Daulo, Papua New Guinea, February 8,
2011—IFC, a member of the World Bank Group, today signed
an agreement with BSP Rural to help
use electronic technology to provide small entrepreneurs in remote parts
of Papua New Guinea with banking services vital for business.
IFC is committing $770,500 to the project
under the Pacific Microfinance Initiative, a partnership with the Australian
government. The performance-based grant is an incentive for BSP Rural,
a subsidiary of Bank of South Pacific, to connect to subsistence households
and rural businesses far from the nearest branch.
The project, for the first time, will
provide banking services to customers in Papua New Guinea’s rural areas
by setting up electronic fund-transfer services in local shops or post
offices acting as agents for BSP Rural. This will enable people to obtain
a debit and savings card and to do basic banking transactions while shopping.
“Access to banking services is critical
for poor households and smaller rural enterprises to boost productivity,
create jobs, and reduce poverty,” said Lars Thunell, IFC Executive Vice
President and CEO. “In Papua New Guinea, more than 90 percent of
adults lack such access, which denies them opportunities to improve their
lives. IFC is supporting BSP Rural to help extend the reach of financial
services to rural areas.”
Affordable and reliable banking services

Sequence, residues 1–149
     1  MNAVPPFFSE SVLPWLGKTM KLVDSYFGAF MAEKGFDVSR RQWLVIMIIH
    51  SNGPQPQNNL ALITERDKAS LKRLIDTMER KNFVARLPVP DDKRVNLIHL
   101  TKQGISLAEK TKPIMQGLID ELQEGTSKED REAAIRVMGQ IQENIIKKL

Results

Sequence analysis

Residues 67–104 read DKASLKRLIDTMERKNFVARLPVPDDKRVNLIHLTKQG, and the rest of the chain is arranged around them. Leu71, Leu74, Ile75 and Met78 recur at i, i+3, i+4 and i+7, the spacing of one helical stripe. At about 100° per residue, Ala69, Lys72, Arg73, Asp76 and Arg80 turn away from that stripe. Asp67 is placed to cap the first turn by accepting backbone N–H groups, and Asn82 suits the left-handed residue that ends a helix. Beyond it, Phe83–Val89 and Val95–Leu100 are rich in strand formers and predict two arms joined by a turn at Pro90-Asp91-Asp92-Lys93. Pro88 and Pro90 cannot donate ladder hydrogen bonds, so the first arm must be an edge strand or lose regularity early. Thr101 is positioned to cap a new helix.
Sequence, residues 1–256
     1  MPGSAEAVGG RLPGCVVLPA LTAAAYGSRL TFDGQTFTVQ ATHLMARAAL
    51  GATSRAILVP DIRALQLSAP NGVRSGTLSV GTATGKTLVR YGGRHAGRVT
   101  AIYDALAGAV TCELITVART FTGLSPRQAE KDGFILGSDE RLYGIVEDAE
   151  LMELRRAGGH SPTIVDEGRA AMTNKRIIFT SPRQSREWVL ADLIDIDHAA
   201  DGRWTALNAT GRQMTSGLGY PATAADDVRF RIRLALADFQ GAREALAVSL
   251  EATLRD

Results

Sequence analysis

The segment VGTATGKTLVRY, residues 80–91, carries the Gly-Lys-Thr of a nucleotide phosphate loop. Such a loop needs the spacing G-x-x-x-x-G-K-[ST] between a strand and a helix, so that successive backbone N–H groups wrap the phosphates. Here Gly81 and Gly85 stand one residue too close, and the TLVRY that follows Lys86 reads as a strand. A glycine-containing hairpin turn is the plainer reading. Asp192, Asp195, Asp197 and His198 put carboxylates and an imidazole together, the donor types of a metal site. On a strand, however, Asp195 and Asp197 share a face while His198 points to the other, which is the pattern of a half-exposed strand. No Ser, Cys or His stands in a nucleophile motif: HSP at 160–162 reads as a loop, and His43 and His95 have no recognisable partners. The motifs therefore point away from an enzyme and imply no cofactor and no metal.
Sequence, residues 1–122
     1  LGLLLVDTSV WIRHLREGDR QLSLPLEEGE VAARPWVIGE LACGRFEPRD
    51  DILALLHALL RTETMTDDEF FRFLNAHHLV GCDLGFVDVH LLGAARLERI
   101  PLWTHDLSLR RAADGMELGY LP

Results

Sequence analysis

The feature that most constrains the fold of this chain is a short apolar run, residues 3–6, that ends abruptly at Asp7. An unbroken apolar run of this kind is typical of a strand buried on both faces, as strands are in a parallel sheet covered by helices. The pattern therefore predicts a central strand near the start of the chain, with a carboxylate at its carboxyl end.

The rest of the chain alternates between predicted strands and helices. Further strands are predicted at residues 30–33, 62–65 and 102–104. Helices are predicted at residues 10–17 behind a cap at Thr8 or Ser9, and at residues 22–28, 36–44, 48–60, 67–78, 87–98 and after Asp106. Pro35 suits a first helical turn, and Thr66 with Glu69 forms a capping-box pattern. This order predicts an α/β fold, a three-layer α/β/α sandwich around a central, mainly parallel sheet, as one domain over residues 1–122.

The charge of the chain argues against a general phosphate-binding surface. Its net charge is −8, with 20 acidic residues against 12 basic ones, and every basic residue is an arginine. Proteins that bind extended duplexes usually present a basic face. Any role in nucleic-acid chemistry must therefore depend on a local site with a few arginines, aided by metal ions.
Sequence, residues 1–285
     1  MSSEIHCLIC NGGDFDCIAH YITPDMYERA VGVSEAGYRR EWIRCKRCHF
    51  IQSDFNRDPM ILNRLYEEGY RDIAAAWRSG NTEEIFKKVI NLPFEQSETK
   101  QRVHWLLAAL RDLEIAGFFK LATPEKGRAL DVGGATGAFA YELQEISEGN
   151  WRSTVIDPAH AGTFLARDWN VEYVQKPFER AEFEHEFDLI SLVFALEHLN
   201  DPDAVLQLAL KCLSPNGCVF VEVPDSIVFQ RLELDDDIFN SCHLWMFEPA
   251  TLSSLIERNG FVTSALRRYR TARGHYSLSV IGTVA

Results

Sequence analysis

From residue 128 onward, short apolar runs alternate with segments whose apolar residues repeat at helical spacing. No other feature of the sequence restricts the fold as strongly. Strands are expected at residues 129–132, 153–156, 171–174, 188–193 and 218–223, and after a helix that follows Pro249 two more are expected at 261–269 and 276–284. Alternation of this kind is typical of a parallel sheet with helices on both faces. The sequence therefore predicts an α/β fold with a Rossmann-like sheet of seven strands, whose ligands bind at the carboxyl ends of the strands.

also are important for improving living standards in Papua New Guinea.
Farmers, small-scale producers, and rural women will benefit as the project
provides a safe and secure way to save and transfer money.
“This project will make significant
inroads in terms of allowing people in remote areas to send and receive
money quickly and more efficiently,” said Paul Thornton, Head of BSP Rural
Banking. “With IFC’s support, we aim to acquire 200,000 new customers
over the next three years and establish another 20 branches.”
Under the grant agreement, IFC will
assist BSP Rural in technology development, product distribution, customer
literacy programs, and call-center management. Grant disbursement will
be contingent on meeting agreed performance targets.
Improving access to finance is a priority
for IFC in the Pacific region. Last year, IFC and IFC Capitalization Fund
invested $140 million in Port Moresby-based Bank of South Pacific that
is helping expand financial services in Papua New Guinea and bolster the
bank’s presence across the Pacific region. The Pacific Microfinance Initiative
aims to improve the ability of microfinance and other financial-service
providers to deliver banking services to Pacific Island communities with
limited or no access.
IFC, a member of the World Bank Group, is the largest development institution
focused on the private sector in developing countries. We create opportunity
for people to escape poverty and improve their lives. We do so by providing
financing to help businesses employ more people and provide essential services,
mobilizing capital from others, and delivering advisory and risk-management
services to ensure sustainable development. In a time of global economic
uncertainty, our new investments climbed to a record $18 billion in fiscal
2010. For more information, visit www.ifc.org.